.ssh/authorized_keys
    
    to make sure we haven't added extra keys that you weren't expecting.

    When prompted, enter your password for the remote system.

    The script also changes the permissions of ~/.ssh and ~/.ssh/authorized_keys on the remote system to disallow access by your group.

    You can now use the OpenSSH utilities to access the remote system without supplying a password. As the script suggests, you should use ssh to log into the remote system to verify that the ~/.ssh/authorized_keys file contains only the keys for the systems from which you expect to connect. For example:

    $ ssh remote_user@host
    Last login: Thu Jun 13 08:33:58 2013 from local_host
    host$ cat .ssh/authorized_keys
    ssh-rsa AAAAB3NzaC1yc2EAAAABIwAAAQEA6OabJhWABsZ4F3mcjEPT3sxnXx1OoUcvuCiM6fg5s/ER
    ... FF488hBOk2ebpo38fHPPK1/rsOEKX9Kp9QWH+IfASI8q09xQ== local_user@local_host
    host$ logout
    Connection to host closed.
    $
  3. Verify that the permissions on the remote ~/.ssh directory and ~/.ssh/authorized_keys file allow access only by you:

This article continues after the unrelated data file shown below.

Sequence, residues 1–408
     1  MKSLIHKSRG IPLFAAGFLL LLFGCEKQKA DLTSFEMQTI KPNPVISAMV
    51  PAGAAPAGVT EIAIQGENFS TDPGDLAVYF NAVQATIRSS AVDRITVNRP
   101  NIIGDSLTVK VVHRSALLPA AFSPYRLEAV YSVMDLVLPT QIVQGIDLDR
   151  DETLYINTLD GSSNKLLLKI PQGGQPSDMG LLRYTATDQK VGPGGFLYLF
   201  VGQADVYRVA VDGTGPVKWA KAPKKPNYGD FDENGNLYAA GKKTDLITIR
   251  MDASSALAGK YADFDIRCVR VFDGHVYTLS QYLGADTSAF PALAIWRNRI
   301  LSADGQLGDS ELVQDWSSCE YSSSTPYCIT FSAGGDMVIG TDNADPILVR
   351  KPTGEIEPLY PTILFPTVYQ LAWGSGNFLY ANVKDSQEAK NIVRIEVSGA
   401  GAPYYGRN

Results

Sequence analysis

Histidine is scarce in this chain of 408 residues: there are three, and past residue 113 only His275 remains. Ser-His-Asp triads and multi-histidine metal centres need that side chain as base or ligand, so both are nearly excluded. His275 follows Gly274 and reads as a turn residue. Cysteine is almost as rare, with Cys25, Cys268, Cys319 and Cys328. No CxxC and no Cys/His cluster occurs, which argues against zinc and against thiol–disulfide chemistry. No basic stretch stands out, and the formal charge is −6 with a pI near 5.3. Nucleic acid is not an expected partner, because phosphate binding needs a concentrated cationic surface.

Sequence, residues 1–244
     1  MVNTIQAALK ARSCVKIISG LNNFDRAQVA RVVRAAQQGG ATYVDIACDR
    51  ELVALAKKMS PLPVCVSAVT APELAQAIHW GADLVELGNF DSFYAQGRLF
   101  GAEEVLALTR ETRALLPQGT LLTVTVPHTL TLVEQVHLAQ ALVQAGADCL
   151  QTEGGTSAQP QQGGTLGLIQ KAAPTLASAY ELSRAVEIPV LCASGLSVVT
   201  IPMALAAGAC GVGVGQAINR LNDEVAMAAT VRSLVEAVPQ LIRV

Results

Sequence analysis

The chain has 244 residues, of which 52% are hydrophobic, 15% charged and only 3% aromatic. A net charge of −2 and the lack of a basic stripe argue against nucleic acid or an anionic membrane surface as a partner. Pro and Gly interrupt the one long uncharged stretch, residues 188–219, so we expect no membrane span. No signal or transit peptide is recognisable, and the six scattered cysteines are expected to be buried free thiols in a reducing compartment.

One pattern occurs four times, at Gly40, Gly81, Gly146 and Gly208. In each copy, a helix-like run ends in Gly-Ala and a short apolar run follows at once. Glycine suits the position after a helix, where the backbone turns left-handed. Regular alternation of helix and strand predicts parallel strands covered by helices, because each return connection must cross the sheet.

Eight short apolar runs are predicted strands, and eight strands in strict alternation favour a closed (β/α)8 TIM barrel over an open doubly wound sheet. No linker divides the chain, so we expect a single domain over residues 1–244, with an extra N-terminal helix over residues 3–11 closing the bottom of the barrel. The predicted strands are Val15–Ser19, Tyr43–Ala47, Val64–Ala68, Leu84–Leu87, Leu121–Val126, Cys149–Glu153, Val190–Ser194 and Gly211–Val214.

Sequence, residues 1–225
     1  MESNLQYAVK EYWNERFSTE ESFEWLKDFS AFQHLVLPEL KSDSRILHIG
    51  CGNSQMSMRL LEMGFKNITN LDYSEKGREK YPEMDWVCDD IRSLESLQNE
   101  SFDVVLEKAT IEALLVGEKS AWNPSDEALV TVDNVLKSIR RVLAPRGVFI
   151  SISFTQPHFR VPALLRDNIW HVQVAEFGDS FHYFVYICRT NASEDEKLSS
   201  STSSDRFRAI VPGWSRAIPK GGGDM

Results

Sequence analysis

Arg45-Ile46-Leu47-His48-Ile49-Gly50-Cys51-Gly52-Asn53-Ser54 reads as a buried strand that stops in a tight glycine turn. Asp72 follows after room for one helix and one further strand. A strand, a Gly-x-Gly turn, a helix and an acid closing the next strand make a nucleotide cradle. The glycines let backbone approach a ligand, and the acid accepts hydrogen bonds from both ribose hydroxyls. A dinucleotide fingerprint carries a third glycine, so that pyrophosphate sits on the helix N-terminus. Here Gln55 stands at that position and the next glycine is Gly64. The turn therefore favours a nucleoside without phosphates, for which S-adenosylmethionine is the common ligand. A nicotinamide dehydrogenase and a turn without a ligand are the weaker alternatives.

$ ssh remote_user@host ls -al .ssh
    total 4
    drwx------+ 2 remote_user group   5 Jun 12 08:33 .
    drwxr-xr-x+ 3 remote_user group   9 Jun 12 08:32 ..
    -rw-------+ 1 remote_user group 397 Jun 12 08:33 authorized_keys
    $ ssh remote_user@host getfacl .ssh
    # file: .ssh
    # owner: remote_user
    # group: group
    user::rwx
    group::---
    mask::rwx
    other::---
    
    $ ssh remote_user@host getfacl .ssh/authorized_keys
    # file: .ssh/authorized_keys
    # owner: remote_user
    # group: group
    user::rw-
    group::---
    mask::rwx
    other::---

    If necessary, correct the permissions:

    $ ssh remote_user@host 'umask 077; /sbin/restorecon .ssh'
    $ ssh remote_user@host 'umask 077; /sbin/restorecon .ssh/authorized_keys'
    Note

    If your user names are the same on the client and the server systems, you do not need to specify your remote user name and the @ symbol.

  4. If your user names are different on the client and the server systems, create a ~/.ssh/config file with permissions 600 on the remote system that defines your local user name, for example:

    $ ssh remote_user@host echo -e "Host *\\\nUser local_user" '>>' .ssh/config
    $ ssh remote_user@host cat .ssh/config
    Host *
    User local_user
    $ ssh remote_user@host 'umask 077; /sbin/restorecon .ssh/config'

    You should now be able to access the remote system without needing to specify your remote user name, for example:

    $ ssh host ls -l .ssh/config
    -rw-------+ 1 remote_user group 37 Jun 12 08:34 .ssh/config
    $ ssh host getfacl .ssh/config
    # file: .ssh/config
    # owner: remote_user
    # group: group
    user::rw-
    group::---
    mask::rwx
    other::---

For more information, see the ssh-copy-id(1), ssh-keygen(1), and ssh_config(5) manual pages.